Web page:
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Re: showing fish
John Wubbolt wrote:
snip (some very good comments) ...
> In my opinion standards need to
> be established and followed by all the judges irregardless of particular
> tastes. Just my opinion...
Everyone has one, as the old joke goes, so here's mine.
The dilemna always faced by AKA showing is that the bulk of our fish are
wild-type fish. We do have some lovely aquarium strains that have been
selected for size, color, etc. We also have 30 wild species or more for
every one of those "mutants."
The whole purpose of judging, normally, is to try to "improve" a breed.
Whether it is milk cows, hogs, cats or dogs, the effort is to define a
"perfect" animal, in the form of a standard, and then *change* the current
stock to get closer and closer to that standard with time. You simply can't
retain normal "wild" diversity and approach the standard, too. You can't
even *write* a standard to cover the diversity in many wild fish.
AKA has usually wanted to reward the distribution and exhibition of rarer
fish, so extra judging consideration (points) will often be given for such
things as a collection ID. That is, wilder fish are deliberately given an
edge over larger, more colorful, selectively-bred fish. Cool!
Showing to judged standards is deeply in conflict with species preservation.
There, you *avoid* selection for size, or color, and, to keep high genetic
diversity, you gang-spawn, swap stock, etc. It is quite the opposite of
trying to "breed better pigs" as a cynical German friend puts it. The
filaments on the male's tails are always missing by show time, for example.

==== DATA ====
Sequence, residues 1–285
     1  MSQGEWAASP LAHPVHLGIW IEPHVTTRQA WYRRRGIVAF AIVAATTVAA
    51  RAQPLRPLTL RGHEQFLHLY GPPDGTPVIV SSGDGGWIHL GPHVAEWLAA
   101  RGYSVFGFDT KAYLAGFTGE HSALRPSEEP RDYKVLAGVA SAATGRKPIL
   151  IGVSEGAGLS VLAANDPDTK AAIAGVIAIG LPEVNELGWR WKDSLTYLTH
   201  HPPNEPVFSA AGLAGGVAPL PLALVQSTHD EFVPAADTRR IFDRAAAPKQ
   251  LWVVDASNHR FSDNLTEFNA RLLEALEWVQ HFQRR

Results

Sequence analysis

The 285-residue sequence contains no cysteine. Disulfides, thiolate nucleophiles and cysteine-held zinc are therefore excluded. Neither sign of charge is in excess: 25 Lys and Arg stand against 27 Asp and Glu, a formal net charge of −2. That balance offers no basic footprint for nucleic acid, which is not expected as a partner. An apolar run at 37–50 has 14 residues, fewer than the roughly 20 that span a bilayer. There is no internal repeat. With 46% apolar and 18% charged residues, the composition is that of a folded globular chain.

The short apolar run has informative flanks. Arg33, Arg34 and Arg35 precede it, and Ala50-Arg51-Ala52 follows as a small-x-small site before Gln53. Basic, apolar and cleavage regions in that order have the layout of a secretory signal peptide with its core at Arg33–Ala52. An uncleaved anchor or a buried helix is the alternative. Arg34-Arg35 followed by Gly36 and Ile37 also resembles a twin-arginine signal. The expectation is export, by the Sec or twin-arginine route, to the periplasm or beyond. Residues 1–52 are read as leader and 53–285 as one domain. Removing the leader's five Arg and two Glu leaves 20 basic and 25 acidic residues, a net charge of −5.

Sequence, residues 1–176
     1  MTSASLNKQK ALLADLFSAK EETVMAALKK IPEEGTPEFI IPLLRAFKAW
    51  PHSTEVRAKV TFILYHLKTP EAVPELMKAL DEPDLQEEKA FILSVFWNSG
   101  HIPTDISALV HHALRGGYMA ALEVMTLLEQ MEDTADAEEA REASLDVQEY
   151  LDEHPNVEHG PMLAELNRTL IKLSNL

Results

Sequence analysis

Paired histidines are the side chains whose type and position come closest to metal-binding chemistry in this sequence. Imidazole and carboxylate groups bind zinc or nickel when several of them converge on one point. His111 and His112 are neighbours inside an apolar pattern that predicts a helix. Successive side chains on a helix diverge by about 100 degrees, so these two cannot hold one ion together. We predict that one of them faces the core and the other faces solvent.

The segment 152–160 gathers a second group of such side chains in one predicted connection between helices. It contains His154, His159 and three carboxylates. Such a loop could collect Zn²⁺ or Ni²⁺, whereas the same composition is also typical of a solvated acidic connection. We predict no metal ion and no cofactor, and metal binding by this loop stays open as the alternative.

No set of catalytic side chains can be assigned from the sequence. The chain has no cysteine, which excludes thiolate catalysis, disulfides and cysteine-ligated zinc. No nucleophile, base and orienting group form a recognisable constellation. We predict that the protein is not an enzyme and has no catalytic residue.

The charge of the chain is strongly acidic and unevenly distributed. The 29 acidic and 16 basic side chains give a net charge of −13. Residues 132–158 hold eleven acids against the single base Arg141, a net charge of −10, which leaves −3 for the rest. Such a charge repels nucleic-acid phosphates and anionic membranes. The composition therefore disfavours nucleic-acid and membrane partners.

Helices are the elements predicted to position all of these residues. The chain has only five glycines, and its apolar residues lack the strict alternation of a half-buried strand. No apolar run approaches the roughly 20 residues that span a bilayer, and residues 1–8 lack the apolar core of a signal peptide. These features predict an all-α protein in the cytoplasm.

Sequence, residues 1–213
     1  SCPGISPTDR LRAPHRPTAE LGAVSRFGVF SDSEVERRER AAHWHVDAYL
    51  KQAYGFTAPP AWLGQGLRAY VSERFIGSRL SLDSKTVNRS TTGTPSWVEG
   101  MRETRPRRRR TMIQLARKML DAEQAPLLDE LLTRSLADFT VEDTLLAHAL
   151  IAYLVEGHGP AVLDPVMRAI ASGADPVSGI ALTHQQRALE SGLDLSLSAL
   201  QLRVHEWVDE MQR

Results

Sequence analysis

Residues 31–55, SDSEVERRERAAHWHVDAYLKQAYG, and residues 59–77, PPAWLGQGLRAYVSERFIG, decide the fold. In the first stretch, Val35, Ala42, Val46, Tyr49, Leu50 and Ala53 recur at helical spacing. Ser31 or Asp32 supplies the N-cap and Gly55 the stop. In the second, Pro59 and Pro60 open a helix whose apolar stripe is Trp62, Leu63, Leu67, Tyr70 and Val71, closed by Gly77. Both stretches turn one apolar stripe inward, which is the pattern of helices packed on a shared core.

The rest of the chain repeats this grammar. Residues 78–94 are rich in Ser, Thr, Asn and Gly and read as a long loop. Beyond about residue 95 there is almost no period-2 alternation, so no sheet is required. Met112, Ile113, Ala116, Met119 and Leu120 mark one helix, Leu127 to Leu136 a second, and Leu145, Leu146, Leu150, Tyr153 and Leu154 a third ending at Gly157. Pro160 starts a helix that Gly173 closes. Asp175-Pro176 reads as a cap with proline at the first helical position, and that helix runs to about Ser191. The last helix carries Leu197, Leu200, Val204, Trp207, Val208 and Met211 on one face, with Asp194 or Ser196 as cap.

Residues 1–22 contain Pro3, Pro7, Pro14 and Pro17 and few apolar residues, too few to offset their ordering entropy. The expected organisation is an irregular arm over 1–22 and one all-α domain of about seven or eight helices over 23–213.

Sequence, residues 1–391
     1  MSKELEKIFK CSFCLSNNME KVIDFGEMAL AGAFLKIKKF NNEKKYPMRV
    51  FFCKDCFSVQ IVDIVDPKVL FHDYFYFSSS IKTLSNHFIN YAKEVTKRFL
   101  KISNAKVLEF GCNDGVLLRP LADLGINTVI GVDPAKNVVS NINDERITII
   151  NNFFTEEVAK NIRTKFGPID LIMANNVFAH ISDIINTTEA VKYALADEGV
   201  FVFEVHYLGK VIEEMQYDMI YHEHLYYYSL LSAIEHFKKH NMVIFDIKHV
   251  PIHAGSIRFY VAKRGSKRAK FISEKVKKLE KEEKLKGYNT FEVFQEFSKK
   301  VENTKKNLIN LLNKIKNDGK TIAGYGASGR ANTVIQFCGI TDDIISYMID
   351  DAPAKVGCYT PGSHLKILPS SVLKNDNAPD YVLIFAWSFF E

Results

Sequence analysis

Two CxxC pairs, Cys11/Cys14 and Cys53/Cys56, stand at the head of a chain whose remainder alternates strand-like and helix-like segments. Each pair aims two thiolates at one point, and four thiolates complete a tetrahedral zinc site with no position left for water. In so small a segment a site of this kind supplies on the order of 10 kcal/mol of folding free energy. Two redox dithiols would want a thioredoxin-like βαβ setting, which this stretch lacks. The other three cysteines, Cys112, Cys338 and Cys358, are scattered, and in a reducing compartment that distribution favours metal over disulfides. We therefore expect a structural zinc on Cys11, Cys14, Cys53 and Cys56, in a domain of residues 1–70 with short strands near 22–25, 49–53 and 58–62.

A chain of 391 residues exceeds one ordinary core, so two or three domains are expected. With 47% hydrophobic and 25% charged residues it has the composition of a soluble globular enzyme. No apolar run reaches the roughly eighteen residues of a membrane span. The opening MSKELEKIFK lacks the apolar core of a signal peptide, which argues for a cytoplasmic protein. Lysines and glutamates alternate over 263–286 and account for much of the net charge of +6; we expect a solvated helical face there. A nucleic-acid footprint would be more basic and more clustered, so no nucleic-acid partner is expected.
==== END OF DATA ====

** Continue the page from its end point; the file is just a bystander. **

This dichotomy tends to make the ribbon awards a bit meaningless. That's OK,
for it is a chance to get the fish before the public and have a fun outing.
If you want a trophy, I have found that a long record of hard work for the
show-giving club or the AKA almost guarantees a ribbon of some kind. I know.
The judges aren't supposed to know whose fish they are judging, but it
really doesn't work that way in our rather small community, apparently. IDK
if those choices are even conscious. They do tend to happen.
The moral of the story is to keep the good of the fish and of the hobby up
front in your consideration. The AKA could really live up to its potential
by resolving the apparent conflict I have described, so we can have really
fun shows without deliberately altering wild species to win a ribbon. I
don't know the best way to do that, but I am quite certain that rigid
standards will do more harm than good if we want to keep any of our fish
close to their wild heritage. It should *not* be a "breeding better pigs"
OTOH, good competition can give our husbandry skills a serious work out, and
create a good climate for friendly rivalry and companionship at the bar.
That's always good for the fish and for the hobby.
The present system relies on the individual judgement of more senior
breeders or collectors, and it is scary enough that I have deliberately
avoided entering more than a token pair or two to support a show now and
then. I guess it's the best we can do for now, but I would love it if the
AKA BOT could come up with a plan to study and adjust the process to meet
the diverse needs of the killy community, without harming our wild-type fish
too much. [Is this an "If it ain't broke, don't fix it," thing?]
PS. BTW, my one entry in the WCW this year took a third-place win in a big
class. I didn't put the collection location on that entry, either. It was
the Newark CA PETsMART. (^_^)
Wright Huntley, Fremont CA, USA, 510 494-8679 huntleyone at home dot com
"DEMOCRACY" is two wolves and a lamb voting on lunch.
"LIBERTY" is a well-armed lamb denying enforcement of the vote.
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